All the differences reported above consistently indicate that incarcerated men employ faster LH strategies both in relation to biodemographic factors of mating/parenting trade-offs and regarding life expectancy. Although we expected such differences in the context of LH strategy pace, it is interesting that soldiers and firefighters, whose exposure to physical threats is often a part of their daily work routine, expected to live longer than inmates who are incarcerated, constantly monitored, and therefore protected from many external morbidity-mortality cues. Such findings suggest that the perceived risk of premature mortality might not be a simple reflection of prevailing conditions but may tell us something more about the person. To shed more light on this matter, it is worth referring to the previously described predictive adaptive response (PAR) hypotheses, according to which an individual makes predictions about future environmental conditions (external PAR) or their own life expectancy (internal PAR) based on the level of adversity experienced early in life (Nettle et al. 2013). Thereby, when it comes to an individual’s expected survival, early-life adversity might be even more important than objective current morbidity-mortality risk.

Admittedly, we did not ask the participants about their backgrounds. However, our results showed that compared with soldiers and firefighters, inmates had more biological siblings and stepsiblings and their parents started their families at an earlier age. Considering that larger family size and becoming a parent at a younger age are commonly associated with a family’s lower socioeconomic status (Mace 2014), lower parental investments (Stulp and Barrett 2016), as well as a higher occurrence of harsh parenting (Lee and Guterman 2010) and child maltreatment (Scannapieco and Connell-Carrick 2016), we assume that the inmates from our study may have grown up in more adverse households than men working as soldiers and firefighters. That could make them more perceptive of mortality cues in their current environment. Since the correlation analyses used in this study prevent us from using causal language, the possibility presented above is a mere speculation that requires further investigation.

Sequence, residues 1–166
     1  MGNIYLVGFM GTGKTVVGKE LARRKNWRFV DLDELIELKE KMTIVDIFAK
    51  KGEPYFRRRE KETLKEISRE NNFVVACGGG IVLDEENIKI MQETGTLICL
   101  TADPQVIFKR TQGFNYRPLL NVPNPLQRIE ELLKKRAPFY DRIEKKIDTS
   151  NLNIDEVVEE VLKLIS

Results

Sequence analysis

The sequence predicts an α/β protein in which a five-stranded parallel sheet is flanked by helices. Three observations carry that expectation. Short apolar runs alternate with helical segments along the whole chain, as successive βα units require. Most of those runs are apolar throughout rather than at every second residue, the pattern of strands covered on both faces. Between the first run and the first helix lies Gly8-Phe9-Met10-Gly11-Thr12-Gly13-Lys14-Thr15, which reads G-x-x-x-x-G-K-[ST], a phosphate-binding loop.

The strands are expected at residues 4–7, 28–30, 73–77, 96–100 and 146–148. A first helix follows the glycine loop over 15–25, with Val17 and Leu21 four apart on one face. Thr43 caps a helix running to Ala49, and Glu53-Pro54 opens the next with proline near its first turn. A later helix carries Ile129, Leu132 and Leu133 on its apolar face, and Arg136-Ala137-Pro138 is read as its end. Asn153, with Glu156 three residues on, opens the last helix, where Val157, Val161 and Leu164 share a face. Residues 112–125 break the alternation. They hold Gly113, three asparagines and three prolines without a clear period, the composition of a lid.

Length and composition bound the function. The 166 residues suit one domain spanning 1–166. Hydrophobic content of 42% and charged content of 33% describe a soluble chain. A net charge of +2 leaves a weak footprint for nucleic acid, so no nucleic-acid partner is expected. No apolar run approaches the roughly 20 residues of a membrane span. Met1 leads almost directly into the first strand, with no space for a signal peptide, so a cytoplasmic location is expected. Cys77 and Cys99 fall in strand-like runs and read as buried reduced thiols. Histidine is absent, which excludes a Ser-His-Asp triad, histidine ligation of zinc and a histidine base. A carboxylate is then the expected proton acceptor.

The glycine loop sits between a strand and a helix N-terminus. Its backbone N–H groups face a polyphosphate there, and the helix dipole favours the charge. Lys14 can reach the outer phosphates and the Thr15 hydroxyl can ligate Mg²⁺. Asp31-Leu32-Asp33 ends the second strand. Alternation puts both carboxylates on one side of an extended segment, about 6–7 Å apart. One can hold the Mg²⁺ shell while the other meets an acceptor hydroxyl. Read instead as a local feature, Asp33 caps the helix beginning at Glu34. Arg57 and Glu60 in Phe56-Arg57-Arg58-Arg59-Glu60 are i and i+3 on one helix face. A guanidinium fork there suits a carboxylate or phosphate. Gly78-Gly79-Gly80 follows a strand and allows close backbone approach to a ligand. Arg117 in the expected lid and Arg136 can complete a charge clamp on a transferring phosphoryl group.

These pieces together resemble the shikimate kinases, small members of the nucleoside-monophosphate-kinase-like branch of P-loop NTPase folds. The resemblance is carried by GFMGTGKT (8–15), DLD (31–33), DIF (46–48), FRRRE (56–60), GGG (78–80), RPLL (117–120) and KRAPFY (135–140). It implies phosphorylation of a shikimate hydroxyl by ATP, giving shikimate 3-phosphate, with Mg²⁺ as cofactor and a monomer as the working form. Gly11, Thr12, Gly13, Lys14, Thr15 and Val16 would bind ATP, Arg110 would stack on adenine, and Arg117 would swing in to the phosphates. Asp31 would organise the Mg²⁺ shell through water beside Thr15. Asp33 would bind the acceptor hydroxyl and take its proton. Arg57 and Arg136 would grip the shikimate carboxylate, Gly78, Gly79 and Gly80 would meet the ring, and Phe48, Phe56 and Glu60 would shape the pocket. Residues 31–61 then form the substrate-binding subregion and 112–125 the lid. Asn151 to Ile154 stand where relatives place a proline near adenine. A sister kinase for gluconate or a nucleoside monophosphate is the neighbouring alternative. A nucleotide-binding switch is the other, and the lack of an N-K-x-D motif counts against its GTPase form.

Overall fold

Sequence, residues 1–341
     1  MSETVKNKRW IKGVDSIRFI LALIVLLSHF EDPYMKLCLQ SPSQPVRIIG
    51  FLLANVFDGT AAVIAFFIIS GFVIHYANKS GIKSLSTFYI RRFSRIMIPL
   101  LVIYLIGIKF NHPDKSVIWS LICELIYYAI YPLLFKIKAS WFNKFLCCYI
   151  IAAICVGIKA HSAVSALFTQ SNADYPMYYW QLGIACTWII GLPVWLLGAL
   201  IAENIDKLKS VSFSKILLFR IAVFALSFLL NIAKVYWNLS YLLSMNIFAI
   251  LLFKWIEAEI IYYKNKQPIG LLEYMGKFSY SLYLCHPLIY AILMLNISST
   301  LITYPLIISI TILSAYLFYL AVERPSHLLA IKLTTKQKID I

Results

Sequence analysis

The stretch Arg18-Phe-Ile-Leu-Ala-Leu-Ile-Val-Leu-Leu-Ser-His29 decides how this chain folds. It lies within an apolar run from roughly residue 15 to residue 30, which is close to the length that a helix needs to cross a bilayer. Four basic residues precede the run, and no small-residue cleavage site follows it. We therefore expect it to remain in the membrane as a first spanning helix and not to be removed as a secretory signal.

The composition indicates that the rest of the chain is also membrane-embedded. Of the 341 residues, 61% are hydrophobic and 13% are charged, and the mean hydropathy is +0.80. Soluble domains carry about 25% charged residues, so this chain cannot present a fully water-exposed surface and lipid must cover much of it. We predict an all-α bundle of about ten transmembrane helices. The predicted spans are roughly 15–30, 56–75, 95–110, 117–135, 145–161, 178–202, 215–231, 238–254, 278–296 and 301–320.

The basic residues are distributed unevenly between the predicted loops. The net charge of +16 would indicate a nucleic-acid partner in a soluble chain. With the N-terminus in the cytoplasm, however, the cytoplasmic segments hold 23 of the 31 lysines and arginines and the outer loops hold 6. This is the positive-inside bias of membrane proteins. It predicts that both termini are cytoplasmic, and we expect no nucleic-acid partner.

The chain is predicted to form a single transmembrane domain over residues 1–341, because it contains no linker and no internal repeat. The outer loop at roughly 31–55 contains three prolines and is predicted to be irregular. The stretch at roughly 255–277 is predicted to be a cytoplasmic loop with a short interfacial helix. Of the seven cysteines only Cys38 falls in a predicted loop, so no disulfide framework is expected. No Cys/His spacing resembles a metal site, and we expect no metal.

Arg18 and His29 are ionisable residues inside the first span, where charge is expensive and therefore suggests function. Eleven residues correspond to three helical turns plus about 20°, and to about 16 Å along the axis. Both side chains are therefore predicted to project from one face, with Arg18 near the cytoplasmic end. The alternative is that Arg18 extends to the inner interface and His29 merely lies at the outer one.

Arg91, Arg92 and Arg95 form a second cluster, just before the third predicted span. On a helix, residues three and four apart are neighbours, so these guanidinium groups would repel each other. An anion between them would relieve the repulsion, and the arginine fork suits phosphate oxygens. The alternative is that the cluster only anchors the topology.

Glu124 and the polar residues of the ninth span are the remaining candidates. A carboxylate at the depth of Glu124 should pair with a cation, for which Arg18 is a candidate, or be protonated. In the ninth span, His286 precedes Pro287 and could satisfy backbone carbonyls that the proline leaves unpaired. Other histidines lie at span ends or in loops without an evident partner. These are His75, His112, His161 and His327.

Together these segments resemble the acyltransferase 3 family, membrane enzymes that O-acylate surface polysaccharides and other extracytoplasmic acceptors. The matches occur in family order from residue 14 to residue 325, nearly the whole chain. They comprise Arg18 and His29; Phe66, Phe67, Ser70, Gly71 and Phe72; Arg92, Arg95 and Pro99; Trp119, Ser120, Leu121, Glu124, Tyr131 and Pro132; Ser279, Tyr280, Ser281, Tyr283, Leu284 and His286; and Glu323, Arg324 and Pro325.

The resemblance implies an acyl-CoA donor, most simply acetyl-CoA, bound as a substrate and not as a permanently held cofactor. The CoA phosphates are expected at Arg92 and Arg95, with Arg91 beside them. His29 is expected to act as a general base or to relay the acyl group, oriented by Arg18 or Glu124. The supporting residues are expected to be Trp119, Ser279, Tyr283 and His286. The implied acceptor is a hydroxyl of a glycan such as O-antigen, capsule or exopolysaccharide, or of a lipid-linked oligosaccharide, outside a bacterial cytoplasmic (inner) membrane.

The possibility of higher early-life adversity among the inmates could also serve as an explanation for commonly known differences in prosociality between our two study groups. In fact, as a recent study has shown, growing up in a disadvantaged environment tends to be negatively associated with further prosociality by leading to lower levels of Honesty-Humility and dispositional trust in others (Wu et al. 2020).

It also seems to be plausible that intergroup differences in prosociality are not only the result of a more adverse childhood and explain the different LH strategies adopted by the subjects, but might also affect these LH strategies. As soldiers and firefighters engage in risky behaviors in the service of society, their professions are respected in their communities and are a source of recognition, status, and prestige (King and Karabell 2003; Martens 2005). Therefore, their everyday life must be far less hostile than prison reality, which is typically characterized by a high prevalence of male aggressive competition and dominance (Kupers 2005) and inflicts considerable harm on inmates (Irwin and Owen 2005). Living under such hostile conditions might consolidate inmates’ fast LH strategies and partly explain their relatively pessimistic outlook on the future.

Furthermore, starting a family at younger age and having more offspring turned out to be characteristic of the inmates as well as the inmates’ parents. These similarities in biodemographic indicators of LH strategies between participants and their parents might have occurred partly due to genetic influence. In fact, LH traits are considered to be to some extent heritable (Briley et al. 2017; Figueredo et al. 2004; Tielbeek et al. 2018), which makes genetic confounding another hypothetical explanation of our results.